Helping the Chronically Overworked Find Life Balance

Would You Ever Consider Leaving Work Early If You Are a Leader or Key Stakeholder?

Chapter 8: Secure Your Community Part 7

In the last post, I have tips on how to leave work early if chronically overworked.   I shared the post on the HRB site on LinkedIn, and the response has been explosive. The 58+ comments  run the spectrum which I summarize as

  • A good leader creates an environment where things can run smoothly even when they aren’t there
  • As long as you are reachable by phone, it’s ok.
  • Don’t leave too often or other people will start leaving early too.
  • “Leave whenever you got to as long as work is being done or is getting done per expectation & standards”
  • It is more about the mental connection to work than whether you are physically at the office or not
  • Some people didn’t feel they had the freedom to leave early even if they wanted to.

I think there are two issues to consider when deciding whether you can leave the office early:

1. Can you leave without the organization falling apart?

The answer to this needs to be yes.  If it is no, either the organization is not well led, or does not have the right people.  What could happen in your absence?  Will it impact the revenue number?  Will it hurt customers?  Will it send anyone to jail, or create a flag for auditors?  Unless the answer is yes, don’t even worry about it.

2. Can your ego survive if the organization doesn’t fall apart in your absence?

I hate to admit it, but one upon a time, for me the answer would have been no.  (And if I’d been laid off when that was true, I would have been devastated.)  If you’ve read Chapter 7, Secure Your Identity, you are already thinking about this issue.  Many people (including me) suffer from the Illusion of Control, a belief that we have a much bigger impact on the outcome than we actually do.  And when there is trouble in other parts of our life, work can serve as a refuge.  (See posts here and here for more.)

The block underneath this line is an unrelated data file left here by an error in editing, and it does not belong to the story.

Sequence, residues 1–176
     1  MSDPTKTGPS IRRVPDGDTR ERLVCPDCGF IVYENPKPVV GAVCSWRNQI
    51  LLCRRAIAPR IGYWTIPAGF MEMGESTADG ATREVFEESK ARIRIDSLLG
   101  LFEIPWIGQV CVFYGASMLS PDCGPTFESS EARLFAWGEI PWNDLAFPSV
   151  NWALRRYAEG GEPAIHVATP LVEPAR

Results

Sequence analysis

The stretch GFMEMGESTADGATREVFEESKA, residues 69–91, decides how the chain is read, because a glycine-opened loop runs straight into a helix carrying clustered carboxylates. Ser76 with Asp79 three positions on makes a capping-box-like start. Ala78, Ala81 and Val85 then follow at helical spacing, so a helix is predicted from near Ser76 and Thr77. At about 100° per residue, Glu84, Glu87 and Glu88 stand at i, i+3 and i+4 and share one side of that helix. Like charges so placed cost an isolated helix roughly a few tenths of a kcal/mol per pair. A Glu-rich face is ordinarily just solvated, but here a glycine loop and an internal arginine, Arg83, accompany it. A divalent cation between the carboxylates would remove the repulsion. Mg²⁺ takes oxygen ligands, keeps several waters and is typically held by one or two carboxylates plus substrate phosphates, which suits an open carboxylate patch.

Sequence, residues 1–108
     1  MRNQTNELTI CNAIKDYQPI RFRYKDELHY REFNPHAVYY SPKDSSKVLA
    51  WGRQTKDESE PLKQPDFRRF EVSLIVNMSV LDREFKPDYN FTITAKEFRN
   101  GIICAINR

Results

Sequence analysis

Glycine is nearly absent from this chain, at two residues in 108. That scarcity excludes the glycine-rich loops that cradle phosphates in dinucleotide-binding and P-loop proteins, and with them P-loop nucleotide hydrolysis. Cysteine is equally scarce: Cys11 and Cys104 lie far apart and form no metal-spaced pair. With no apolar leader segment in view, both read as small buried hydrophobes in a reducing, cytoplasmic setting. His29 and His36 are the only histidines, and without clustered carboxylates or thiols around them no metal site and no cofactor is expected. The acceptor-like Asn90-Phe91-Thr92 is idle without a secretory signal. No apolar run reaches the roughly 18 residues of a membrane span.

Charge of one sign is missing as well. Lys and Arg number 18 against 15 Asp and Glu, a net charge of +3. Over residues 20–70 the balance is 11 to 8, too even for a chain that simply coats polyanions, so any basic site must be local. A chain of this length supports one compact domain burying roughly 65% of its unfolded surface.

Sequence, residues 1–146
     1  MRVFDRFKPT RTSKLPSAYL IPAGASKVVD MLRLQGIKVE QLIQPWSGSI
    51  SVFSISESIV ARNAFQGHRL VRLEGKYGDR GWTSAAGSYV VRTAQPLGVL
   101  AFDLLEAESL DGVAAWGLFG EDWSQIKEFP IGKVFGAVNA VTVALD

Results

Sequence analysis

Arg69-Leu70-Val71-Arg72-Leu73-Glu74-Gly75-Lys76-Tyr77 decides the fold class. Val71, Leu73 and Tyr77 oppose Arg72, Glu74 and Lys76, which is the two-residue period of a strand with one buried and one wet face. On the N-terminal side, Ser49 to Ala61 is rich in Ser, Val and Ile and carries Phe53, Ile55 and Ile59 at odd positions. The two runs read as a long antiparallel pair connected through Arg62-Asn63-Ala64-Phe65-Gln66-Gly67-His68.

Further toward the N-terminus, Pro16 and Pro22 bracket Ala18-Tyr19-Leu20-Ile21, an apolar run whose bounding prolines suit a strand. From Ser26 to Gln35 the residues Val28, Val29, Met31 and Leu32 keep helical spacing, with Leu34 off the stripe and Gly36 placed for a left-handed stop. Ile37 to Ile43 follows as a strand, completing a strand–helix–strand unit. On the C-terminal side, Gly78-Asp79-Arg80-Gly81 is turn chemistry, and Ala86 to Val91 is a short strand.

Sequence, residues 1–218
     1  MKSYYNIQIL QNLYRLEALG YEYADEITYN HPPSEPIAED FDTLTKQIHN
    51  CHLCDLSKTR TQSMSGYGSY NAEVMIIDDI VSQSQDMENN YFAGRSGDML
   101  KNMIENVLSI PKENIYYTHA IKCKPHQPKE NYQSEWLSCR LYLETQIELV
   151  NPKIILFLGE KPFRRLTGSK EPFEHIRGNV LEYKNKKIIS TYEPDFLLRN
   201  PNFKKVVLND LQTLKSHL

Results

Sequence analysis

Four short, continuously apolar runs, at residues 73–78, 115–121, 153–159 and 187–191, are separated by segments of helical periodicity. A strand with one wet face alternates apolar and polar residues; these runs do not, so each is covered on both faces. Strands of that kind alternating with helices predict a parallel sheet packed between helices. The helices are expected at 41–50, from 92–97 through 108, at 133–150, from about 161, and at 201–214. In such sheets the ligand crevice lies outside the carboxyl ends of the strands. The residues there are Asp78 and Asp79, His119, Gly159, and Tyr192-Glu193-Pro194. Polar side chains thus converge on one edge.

Which is more important to you, the work or the people you are with?

Let’s say you have left the office for an hour to have lunch with a friend or to coach soccer for a child.  The phone rings.  Let’s assume that the reason for the call is “legitimate” and that you will “add value” to the business by answering it.  Should you take the call or call back when you are finished with lunch/practice?  At least for me, once I got a work call or email there was no turning off the thoughts.  And then I was no longer present for the people around me.

Imagine you are with someone at lunch, their phone rings, they peak at the caller id and say “it’s my boss and it’s the end of the quarter, but you are more important to me.”  They turn off the phone and put it away.

How would you feel being that person?   What are the long term benefits for you of making other people feel that way?

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